February 4, 1983 – Karen Carpenter was born in New Haven, Connecticut on March 2nd 1950. When she was young, she enjoyed playing baseball with other children on the street. On the TV program This Is Your Life, she stated that she liked pitching and later, in the early 1970s, she would become the pitcher on the Carpenters’ official softball team. Her brother Richard developed an interest in music at an early age, becoming a piano prodigy. The family moved in June 1963 to the Los Angeles suburb of Downey.
In 1964 when Carpenter entered Downey High School, she joined the school band. Bruce Gifford, the conductor (who had previously taught her older brother) gave her the glockenspiel, an instrument she disliked and after admiring the performance of her friend, Frankie Chavez (who idolized famous jazz drummer Buddy Rich), she asked if she could play the drums instead.
She had always been enthusiastic about the drums and taught herself how to play complicated drum lines with “exotic time signatures,” according to her brother. Carpenter’s drumming was later praised by fellow drummers Hal Blaine, Cubby O’Brien, and Buddy Rich as well as Modern Drummer magazine. According to her brother, Carpenter always considered herself a “drummer who sang.”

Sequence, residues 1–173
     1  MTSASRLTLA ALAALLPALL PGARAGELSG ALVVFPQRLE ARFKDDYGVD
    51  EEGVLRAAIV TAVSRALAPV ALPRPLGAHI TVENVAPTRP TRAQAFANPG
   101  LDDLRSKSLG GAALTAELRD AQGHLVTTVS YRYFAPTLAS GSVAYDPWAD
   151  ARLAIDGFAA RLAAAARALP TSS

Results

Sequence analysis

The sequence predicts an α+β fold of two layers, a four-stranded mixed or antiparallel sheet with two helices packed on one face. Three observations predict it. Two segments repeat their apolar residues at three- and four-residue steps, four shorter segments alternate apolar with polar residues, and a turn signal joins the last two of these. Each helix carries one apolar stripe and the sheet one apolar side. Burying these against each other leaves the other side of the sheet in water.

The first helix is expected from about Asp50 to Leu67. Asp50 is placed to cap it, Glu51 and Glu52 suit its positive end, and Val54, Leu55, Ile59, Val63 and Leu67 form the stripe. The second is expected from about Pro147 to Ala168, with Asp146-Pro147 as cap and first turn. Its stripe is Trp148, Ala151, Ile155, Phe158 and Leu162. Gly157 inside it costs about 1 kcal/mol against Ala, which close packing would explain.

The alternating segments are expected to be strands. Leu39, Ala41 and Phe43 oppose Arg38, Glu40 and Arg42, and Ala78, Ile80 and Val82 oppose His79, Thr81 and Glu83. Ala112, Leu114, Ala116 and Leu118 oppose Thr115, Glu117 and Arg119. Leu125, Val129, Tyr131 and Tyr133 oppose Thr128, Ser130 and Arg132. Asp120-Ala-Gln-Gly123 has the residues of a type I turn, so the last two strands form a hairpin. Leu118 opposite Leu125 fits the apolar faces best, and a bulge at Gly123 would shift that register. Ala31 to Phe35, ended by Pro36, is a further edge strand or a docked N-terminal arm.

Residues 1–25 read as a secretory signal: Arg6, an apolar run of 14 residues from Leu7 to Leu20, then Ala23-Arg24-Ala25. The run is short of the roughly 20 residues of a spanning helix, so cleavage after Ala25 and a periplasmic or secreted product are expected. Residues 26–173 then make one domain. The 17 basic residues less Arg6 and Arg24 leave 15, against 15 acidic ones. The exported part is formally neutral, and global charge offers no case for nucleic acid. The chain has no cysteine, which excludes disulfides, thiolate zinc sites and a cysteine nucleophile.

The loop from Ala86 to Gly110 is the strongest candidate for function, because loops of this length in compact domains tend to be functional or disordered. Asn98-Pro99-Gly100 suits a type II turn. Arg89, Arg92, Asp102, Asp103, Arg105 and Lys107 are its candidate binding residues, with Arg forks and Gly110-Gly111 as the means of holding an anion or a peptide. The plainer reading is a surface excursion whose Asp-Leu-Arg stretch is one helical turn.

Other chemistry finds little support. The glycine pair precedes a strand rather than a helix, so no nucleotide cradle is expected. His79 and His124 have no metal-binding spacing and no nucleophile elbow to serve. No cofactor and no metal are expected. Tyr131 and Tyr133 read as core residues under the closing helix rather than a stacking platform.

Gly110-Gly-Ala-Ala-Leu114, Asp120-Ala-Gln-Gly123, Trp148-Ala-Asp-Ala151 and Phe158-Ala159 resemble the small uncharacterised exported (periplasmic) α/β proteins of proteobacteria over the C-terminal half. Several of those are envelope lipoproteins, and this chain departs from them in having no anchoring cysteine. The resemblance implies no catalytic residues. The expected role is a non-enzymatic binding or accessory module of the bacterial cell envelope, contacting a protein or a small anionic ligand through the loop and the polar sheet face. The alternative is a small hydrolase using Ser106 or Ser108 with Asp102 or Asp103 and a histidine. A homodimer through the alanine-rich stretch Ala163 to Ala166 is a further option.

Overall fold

From 1965 to 1968, Karen, her brother Richard and his college friend Wes Jacobs, a bassist and tuba player, formed The Richard Carpenter Trio. The band played jazz at numerous nightclubs, and also appeared on a TV talent show called Your All American College Show.
In April 1969 A&M Records signed Karen and Richard as the duo The Carpenters to a recording contract, with Karen as both the group’s drummer and lead singer. She was later persuaded to stand at the microphone to sing the band’s hits while another musician played the drums, although she still did some drumming.
They released their debut album “Offering”, later retitled Ticket to Ride, on October 9th 1969. In a time of Vietnam war, the protests, the harsh British Hard Rock phenomenon Led Zeppelin, the psychedelic impressions, The Carpenters were reviled for their sweetness. They were not considered rock and roll, not even bubblegum. Yet they became superstars on the strength of Karen Carpenter’s voice.